Novice learns about racing & dress code
DOVER, DEL. — I'll say it right up front. I've never been a big fan of NASCAR racing. Upon arriving at Dover Downs the other weekend for the All-American Heroes 400, I knew almost nothing about the sport.
Sure, I'd heard a few names, and was saddened by the recent death of the reigning king, Dale Earnhardt. A friend had given me a crash course about the essentials: restrictor plates (which slow gas flow to the engine), sponsors (who are everywhere), and why Jeff Gordon was so hated in some circles (for being a pretty boy).
What I didn't know, however, was that NASCAR racing is perhaps the only sport in the world in which there's a dress code for the press. That I learned two hours before start time, as I approached the gate and met a very stern ticket collector.
"Gotta have long pants and shoes," she said, much like a bouncer at a nightclub.
(Later I learned it's a safety issue: Sparks can fly from the pit area and leave nasty burns on uncovered legs.)
Regardless of the reasoning, there I was, at my first NASCAR race, and I was resigned to shop for shoes and pants in the parking lot, which by 11 in the morning had become an ocean of cars. Publicists from Winston, the sponsor, wore "Welcome Smokers" T-shirts, and passed out free cigarettes.
It was an important race in the stretch run of the circuit, with several drivers fighting for a championship so I was determined to get inside.
Sure enough, after an hour groping through the the restless crowd, I found the trailer I had been looking for. It was white and extra wide, with a huge sign: "NASCAR Shoes."
Chris, the guy who worked there, promptly set me up with a pair of black high-top NASCAR racing shoes, size 13. He offered some checkered NASCAR pants to complete the outfit, but I settled for something slightly more conservative: a pair of Dale Earnhardt Jr. sweatpants, No. 8 emblazoned on the side.
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What happened next was a blur of smoke, gasoline fumes, and roaring engines. When the cars start screaming, all conversation comes to a halt. The earplugs go in, or the headsets come down, and everyone enters their own private world. For 400 laps.
From ground level it's impossible to tell what's happening. The cars whiz by so fast you don't know who's chasing whom. The pit stops, which take in the neighborhood of 15 seconds, are a blur of activity. Turn your head and you might miss them.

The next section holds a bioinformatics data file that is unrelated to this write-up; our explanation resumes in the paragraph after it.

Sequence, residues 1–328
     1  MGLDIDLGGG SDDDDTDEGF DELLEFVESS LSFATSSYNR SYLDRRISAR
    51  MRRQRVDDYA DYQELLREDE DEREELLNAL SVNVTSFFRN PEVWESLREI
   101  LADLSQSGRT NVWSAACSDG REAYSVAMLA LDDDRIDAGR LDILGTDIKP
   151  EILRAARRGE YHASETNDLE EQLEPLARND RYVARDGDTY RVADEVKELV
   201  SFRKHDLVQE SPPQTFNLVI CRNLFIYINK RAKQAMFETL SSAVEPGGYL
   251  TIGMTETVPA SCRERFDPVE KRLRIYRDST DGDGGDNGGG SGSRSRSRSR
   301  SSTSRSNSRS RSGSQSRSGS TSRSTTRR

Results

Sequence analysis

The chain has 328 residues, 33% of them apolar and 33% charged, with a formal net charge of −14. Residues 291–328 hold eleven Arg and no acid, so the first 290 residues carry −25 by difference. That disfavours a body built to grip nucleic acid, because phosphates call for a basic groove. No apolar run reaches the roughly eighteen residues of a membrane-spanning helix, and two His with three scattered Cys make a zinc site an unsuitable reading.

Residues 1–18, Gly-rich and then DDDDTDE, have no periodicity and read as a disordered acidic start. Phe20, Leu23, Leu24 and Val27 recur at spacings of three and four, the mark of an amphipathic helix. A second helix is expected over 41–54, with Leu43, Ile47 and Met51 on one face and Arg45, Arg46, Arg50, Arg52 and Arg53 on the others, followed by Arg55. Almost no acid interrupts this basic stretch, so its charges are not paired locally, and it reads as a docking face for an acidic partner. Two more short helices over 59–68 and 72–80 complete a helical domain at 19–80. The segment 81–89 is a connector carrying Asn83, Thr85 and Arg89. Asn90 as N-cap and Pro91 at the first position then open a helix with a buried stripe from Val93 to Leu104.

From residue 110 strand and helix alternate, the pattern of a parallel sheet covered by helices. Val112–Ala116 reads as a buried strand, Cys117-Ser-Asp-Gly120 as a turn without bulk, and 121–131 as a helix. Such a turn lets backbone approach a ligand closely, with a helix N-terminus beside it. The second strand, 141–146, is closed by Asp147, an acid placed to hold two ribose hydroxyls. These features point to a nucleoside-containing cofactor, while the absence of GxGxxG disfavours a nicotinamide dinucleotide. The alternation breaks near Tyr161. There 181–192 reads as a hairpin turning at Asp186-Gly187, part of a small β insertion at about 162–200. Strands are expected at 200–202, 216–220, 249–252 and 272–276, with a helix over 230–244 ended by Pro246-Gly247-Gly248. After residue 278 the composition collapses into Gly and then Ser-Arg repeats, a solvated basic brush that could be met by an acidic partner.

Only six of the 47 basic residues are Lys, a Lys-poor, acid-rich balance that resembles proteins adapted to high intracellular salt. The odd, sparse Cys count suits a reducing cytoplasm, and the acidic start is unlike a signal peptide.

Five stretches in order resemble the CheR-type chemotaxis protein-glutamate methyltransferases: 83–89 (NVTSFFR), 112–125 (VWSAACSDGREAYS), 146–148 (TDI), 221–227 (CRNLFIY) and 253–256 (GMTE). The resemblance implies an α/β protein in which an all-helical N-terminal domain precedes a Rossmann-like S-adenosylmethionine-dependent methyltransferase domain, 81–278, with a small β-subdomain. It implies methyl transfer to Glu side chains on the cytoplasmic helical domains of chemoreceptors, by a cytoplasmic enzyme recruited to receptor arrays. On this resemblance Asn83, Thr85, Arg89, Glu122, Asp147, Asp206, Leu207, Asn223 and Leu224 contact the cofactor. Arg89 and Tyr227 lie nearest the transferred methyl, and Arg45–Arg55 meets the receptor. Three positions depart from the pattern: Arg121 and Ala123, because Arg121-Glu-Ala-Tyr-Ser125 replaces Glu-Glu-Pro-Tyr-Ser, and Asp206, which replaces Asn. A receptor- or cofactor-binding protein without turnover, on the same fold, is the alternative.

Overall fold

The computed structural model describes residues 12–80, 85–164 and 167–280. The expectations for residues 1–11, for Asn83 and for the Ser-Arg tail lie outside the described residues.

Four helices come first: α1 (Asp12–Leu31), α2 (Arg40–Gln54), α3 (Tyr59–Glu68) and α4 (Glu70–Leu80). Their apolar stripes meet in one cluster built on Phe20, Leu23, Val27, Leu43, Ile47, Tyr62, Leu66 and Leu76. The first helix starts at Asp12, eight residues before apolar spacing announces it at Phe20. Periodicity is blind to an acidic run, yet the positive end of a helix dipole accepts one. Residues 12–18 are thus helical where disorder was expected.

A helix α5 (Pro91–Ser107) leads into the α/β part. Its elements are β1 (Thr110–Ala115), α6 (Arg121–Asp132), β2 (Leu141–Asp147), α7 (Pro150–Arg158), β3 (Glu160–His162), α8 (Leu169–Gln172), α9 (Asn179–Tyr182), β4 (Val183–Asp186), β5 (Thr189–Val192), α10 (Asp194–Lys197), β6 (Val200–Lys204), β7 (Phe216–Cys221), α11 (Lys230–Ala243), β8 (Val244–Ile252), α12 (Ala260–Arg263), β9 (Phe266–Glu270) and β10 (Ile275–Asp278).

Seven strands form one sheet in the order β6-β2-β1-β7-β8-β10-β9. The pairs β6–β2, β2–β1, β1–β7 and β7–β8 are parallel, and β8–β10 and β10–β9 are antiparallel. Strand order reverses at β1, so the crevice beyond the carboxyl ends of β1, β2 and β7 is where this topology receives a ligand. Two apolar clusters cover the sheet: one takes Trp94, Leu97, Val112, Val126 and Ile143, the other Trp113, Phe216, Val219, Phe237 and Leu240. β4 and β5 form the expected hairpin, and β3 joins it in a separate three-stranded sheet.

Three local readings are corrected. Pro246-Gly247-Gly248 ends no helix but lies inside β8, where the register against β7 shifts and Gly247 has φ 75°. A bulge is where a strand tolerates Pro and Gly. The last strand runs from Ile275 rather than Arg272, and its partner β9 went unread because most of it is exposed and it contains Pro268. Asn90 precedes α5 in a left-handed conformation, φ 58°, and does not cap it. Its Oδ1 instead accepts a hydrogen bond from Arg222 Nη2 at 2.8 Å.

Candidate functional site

Crashes, of course, draw the most attention. Nothing sets the crowd off quite like the sight of a driver emerging from the smoke and fire, walking defiantly toward his pit crew.
In this race, it was Earnhardt Junior, who got off to an early lead. Earnhardt is one of a cadre of young racers who has broken into the elite ranks. As the drivers have gotten younger, the sport has mushroomed in popularity. It now ranks second to the NFL in TV ratings.
The son of the legend had some car troubles, however, and Jimmie Johnson, a rookie, sneaked in for the victory. The win pulled Johnson into second place in the overall standings, behind Mark Martin, a veteran from Arkansas who honed his craft the hard way: on the short tracks of the Midwest.
After the race, I talked to Martin, and he seemed like a down-to-earth guy. Perhaps his humble nature comes from a frustrating career as the best driver never to win an overall championship.
"When it comes to competition and getting your heart broke," he said, "I'm the eternal pessimist." As he walked off alone after meeting with the press, I couldn't help thinking he was the makings of a Waylon Jennings song. The next week, as it turns out, he lost his overall lead to Johnson.
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But what I learned, after a trophy had been hoisted and the fans had filed out to the parking lot, was that it hadn't really mattered who won the race. It was a bit like going to a concert or the circus everyone felt good afterward.
In the parking lot, I met a fan named Ellen Spencer, from Clearfield, Pa., who was sitting next to her son-in-law. She explained how the drivers are the reason she happily shells out $150 per ticket to go to the races.
Her favorite is Dale Jarrett (who finished third), and she was wearing a T-shirt with his image to prove it. "A lot of these racers are good people just like you and me," she said. "Dale's a family man. His father was a racer. I like the things he has to say." When I left Ellen to go to my car which I never would have found if not for the help of a nice fellow who drove me around in his golf cart I had mixed feelings about NASCAR.
There was something disturbing about the debauchery of the whole scene, not to mention the overcommercialization of the sport. The omnipresent Confederate flags bothered me, as did the homogeneity of the crowd and participants.
But as I drove through Barclay, Del., and passed a man standing in his yard holding a "Honk if you love NASCAR" sign, I must confess, I honked my horn, just like all the other people who were driving home after a long day at the races.